IATA January 2021 data for global air cargo markets show that air cargo demand returned to pre-COVID levels (January 2019) for the first time since the onset of the crisis. January demand also showed strong month-to-month growth over December 2020 levels.
Because comparisons between 2021 and 2020 monthly results are distorted by the extraordinary impact of COVID-19, unless otherwise noted all comparisons to follow are to January 2019 which followed a normal demand pattern:
- Global demand, measured in cargo tonne-kilometers (CTKs*), was up 1.1.% compared to January 2019 and +3% compared to December 2020. All regions saw month-on-month improvement in air cargo demand, and North America and Africa were the strongest performers.
- The recovery in global capacity, measured in available cargo tonne-kilometers (ACTKs), was reversed owing to new capacity cuts on the passenger side. Capacity shrank 19.5% compared to January 2019 and fell 5% compared to December 2020, the first monthly decline since April 2020.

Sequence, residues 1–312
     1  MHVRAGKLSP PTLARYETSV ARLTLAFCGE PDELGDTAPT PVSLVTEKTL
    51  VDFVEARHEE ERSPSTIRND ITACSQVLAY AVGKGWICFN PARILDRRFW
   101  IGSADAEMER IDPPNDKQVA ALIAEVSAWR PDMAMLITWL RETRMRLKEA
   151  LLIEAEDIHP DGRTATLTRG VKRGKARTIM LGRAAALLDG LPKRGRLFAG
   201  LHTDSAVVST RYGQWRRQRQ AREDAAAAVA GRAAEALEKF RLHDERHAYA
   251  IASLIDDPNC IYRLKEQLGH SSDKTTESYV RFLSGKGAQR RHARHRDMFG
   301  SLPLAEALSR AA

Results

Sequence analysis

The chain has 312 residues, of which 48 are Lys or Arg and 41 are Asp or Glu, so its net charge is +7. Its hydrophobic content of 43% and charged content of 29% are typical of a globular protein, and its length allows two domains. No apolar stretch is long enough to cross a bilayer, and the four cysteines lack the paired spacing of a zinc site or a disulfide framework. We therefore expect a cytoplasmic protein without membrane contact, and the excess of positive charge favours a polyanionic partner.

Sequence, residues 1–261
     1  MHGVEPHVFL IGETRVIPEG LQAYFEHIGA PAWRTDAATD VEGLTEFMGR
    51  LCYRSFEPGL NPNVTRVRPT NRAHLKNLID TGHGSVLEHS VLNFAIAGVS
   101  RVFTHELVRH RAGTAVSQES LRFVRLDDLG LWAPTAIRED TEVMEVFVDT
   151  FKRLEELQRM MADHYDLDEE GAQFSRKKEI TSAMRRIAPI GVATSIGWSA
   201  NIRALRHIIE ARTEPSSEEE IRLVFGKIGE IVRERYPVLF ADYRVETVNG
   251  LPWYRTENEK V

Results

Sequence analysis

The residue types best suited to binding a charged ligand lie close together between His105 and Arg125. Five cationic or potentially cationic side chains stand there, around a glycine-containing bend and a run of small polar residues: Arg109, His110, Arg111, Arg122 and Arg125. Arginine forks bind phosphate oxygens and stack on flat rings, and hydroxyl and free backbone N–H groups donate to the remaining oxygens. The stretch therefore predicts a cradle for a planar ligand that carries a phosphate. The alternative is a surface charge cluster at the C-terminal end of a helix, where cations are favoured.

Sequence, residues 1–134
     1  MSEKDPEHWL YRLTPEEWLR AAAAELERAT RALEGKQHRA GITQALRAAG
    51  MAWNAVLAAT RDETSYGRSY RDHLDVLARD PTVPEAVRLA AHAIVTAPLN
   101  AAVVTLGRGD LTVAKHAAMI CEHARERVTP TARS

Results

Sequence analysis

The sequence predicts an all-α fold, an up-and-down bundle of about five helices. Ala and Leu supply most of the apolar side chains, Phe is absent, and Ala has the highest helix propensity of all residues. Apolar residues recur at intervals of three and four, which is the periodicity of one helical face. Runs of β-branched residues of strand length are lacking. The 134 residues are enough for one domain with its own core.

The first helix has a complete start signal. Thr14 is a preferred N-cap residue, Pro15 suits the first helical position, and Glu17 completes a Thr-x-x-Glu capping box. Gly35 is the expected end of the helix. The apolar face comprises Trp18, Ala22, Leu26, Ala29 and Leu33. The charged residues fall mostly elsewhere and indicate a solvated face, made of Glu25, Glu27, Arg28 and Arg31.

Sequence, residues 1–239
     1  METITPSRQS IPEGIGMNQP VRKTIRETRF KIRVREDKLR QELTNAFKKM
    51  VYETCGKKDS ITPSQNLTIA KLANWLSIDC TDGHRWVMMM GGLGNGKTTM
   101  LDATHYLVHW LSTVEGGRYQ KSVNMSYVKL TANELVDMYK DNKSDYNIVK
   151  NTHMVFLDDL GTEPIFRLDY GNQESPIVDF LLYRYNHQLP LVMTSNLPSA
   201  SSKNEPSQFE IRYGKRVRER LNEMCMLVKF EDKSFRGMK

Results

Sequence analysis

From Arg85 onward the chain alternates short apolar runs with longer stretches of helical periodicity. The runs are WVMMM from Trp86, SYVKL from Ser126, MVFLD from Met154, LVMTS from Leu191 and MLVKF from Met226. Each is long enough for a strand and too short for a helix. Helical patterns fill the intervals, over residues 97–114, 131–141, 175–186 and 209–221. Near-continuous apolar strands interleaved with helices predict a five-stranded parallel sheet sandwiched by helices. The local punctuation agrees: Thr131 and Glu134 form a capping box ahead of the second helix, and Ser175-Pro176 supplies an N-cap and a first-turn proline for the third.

“Air cargo traffic is back to pre-crisis levels and that is some much-needed good news for the global economy. But while there is a strong demand to ship goods, our ability is capped by the shortage of belly capacity normally provided by passenger aircraft. That should be a sign to governments that they need to share their plans for restart so that the industry has clarity in terms of how soon more capacity can be brought online. In normal times, a third of world trade by value moves by air. This high value commerce is vital to helping restore COVID damaged economies—not to mention the critical role air cargo is playing in distributing lifesaving vaccines that must continue for the foreseeable future,” said Alexandre de Juniac, IATA’s Director General and CEO.